This paper was originally presented by Jenny Judova at the ‘Get what you give? The value and benefits of proactively lending collections’ conference at The British Museum 31/08/2017

Introduction to Vastari

Vastari is different from other speakers here, and the way we fit into the museum and the art sectors is slightly disruptive. So it’s worth to start with an introduction.


Vastari is essentially a museum matchmaker

We have two platforms Vastari Collections which allows curators to browse through objects from private collections which are available for exhibition loans.


The second platform is Vastari Exhibitions which is a listing and discovery platform for traveling exhibitions, if you are a museum with a touring program or a collector who is considering to tour their collection Vastari is the place where you can find each other.


So why are we different. Our main differentiator is that we do not broker. We created a safe space where museums and the private sector can meet and begin working together. Our job is to maintain that non-partisan space, to help and to educate. Not to broker or to take commissions.

As a disclosure, I should now add how we actually make money and that is via membership fees. Vastari Collections is free for accredited museums to use, however collectors have to pay to add their collection to the platform. Vastari Exhibitions is free to browse through, but if you want to list an exhibition available for a loan you have to pay a membership fee.  

This transparency of where the money comes from, and the fact that we do not insist on participating in negotiations actually puts us in a privileged position where many people and institutions share information with us, and we get to analyze that an independent third party and share insights about the whole landscape with them.   


How do the private and the public sectors work together?

There are different ways of how the private and public sectors work together when a museums borrow work from the private sector. In our experience, the model and motivation are often defined by where the work comes from and who owns it.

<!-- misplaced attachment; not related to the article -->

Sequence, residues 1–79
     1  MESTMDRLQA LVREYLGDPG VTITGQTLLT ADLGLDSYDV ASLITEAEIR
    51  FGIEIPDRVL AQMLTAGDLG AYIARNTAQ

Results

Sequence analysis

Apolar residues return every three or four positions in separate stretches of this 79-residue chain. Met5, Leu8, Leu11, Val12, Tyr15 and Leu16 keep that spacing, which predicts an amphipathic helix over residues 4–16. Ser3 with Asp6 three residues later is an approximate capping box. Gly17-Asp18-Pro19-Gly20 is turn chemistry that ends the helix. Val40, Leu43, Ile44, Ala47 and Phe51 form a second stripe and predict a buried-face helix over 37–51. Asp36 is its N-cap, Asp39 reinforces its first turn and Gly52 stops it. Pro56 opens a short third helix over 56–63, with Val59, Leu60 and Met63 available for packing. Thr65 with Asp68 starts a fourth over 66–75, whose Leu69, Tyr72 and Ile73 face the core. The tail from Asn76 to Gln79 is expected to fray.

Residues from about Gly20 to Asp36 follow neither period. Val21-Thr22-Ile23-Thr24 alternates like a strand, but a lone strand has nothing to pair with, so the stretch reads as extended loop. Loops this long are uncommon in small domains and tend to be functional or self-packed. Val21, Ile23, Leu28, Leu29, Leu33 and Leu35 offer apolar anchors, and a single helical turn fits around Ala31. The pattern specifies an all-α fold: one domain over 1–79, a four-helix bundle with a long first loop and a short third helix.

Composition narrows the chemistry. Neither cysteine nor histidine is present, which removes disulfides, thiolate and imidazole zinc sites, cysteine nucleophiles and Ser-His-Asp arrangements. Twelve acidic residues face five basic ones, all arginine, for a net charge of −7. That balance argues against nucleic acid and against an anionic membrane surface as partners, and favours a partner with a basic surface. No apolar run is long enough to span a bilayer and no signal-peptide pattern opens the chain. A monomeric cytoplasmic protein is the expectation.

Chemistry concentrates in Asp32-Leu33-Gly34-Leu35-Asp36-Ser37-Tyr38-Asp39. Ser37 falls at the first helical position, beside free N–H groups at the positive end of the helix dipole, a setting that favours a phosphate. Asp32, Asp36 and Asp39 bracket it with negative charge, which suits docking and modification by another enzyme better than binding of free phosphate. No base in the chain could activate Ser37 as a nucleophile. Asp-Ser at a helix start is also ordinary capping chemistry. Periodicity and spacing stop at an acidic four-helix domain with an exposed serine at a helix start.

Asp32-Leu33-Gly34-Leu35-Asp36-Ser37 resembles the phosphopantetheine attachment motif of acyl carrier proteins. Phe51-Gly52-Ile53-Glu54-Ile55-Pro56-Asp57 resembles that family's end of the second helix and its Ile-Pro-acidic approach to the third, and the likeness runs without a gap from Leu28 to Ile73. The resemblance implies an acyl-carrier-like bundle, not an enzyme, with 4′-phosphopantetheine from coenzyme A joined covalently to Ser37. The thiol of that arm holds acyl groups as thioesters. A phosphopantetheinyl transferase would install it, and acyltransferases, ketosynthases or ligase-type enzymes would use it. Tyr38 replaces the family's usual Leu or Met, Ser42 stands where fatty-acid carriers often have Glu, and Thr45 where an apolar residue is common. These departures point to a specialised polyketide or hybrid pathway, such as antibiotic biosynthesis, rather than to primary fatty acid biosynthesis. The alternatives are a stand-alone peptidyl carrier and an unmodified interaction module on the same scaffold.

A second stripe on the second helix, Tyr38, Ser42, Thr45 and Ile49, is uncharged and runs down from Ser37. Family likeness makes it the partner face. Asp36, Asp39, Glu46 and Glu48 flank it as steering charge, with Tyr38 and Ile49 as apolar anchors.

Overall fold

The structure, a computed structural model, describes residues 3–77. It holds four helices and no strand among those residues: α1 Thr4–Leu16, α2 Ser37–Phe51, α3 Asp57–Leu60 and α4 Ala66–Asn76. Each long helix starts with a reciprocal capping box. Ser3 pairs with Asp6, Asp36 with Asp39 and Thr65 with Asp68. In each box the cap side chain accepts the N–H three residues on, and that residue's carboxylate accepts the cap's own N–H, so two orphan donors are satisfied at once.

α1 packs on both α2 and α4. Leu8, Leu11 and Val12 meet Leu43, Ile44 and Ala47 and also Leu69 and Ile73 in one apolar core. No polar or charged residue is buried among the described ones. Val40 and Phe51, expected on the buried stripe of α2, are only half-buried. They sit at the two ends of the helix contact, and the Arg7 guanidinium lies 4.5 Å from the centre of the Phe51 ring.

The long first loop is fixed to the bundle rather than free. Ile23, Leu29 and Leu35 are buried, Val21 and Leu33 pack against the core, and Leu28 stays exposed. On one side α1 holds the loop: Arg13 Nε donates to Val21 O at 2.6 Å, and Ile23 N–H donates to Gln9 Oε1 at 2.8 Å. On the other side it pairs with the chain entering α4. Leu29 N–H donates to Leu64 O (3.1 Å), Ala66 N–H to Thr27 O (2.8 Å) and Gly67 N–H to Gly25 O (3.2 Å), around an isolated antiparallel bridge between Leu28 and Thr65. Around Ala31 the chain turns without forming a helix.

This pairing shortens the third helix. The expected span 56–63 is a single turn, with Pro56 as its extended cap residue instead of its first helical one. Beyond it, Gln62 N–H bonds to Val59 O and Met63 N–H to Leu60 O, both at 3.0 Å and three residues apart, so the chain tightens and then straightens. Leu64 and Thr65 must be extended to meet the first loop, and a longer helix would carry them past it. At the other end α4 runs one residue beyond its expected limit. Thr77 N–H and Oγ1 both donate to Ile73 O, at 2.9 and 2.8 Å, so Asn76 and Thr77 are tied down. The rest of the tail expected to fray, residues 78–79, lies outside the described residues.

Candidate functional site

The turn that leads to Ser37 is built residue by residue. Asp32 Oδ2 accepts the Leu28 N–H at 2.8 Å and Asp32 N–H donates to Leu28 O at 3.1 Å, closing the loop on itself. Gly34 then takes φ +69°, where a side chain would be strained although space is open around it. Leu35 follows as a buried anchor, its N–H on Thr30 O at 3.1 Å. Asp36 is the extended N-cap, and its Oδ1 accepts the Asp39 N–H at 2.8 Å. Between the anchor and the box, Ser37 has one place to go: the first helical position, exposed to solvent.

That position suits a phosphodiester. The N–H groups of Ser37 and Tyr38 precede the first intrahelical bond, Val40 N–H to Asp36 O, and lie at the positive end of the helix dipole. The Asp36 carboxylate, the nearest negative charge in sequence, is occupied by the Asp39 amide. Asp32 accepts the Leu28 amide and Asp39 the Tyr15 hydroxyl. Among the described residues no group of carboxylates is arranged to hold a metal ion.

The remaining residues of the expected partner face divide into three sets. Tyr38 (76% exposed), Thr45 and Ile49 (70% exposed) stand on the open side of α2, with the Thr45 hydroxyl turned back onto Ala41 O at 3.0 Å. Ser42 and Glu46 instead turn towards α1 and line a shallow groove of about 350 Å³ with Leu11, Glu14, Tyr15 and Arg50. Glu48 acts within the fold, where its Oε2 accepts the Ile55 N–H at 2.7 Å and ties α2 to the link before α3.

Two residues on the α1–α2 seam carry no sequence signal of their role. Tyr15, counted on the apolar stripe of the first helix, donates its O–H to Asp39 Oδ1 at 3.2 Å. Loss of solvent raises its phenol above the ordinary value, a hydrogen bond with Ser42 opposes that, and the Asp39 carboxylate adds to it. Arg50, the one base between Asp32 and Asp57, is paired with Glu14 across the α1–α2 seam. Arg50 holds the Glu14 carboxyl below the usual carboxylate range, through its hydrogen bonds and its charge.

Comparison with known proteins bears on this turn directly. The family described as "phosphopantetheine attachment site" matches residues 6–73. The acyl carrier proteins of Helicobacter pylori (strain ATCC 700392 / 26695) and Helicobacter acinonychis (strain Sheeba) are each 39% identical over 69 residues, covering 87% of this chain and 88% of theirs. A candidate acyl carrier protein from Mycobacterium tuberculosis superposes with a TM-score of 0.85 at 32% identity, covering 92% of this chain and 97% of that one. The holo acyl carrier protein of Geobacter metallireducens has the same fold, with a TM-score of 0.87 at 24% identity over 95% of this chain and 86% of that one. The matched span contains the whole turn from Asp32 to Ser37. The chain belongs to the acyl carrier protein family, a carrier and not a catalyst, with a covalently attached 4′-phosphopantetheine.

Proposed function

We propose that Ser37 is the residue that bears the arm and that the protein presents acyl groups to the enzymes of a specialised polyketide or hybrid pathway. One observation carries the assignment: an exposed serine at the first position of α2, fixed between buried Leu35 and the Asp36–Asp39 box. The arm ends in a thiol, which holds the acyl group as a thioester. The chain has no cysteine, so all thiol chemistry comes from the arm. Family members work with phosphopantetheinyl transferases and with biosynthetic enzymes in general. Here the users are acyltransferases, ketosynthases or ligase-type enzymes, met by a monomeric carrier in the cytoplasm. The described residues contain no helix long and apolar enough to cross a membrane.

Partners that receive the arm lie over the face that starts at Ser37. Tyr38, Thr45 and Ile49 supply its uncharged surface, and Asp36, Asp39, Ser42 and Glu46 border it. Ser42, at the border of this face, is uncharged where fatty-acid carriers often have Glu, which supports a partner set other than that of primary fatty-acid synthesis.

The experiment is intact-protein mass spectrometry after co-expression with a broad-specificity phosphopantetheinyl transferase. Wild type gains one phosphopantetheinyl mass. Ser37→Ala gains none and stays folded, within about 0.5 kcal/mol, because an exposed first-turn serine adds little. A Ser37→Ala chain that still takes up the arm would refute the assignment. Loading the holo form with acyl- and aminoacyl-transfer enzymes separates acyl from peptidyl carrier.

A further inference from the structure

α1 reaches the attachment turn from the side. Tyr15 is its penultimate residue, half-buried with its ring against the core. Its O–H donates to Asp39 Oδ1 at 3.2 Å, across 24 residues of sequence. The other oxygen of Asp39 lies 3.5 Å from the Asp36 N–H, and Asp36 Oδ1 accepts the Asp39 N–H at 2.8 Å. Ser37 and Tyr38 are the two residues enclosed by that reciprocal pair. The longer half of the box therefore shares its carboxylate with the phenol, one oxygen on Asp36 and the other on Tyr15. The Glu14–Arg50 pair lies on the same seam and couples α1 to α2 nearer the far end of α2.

First scenario: borrowing directly from the artist or a gallery that represents the artist

In our experience, the motivation for both the artist and the gallery to work with a museum is marketing and reputation building. The artist gets the mark of approval from a public institution as does the gallery which often contributes to an increase in prices for the artist and leads to sales.

Usually, if it’s a solo show the gallery representing the artist will often volunteer to cover the catalog or the shipping costs or contribute to the exhibition in some financial way. Of course, it’s a give and take relationship so the expectations are usually that the gallery is allowed to sell the works that are participating in the show to their clients after the end of the show.  

What I found is that in Europe and UK the museum/commercial gallery relationship thought does involve money, is not completely dependent on finances, and often museums completely bypass the gallery to work only with the artist. In America where public funding is scarce, the private gallery is sometimes seen as a funding body.

As an example of this a year ago we spoke with a director of one of the major institutions on the East Coast of USA. She was incredibly frank about her institution’s relationships with commercial galleries. If her curators decide to organize an exhibition by an artist who has gallery representation the museum comes knocking on the galleries door asking the commercial gallery to help fund the exhibition.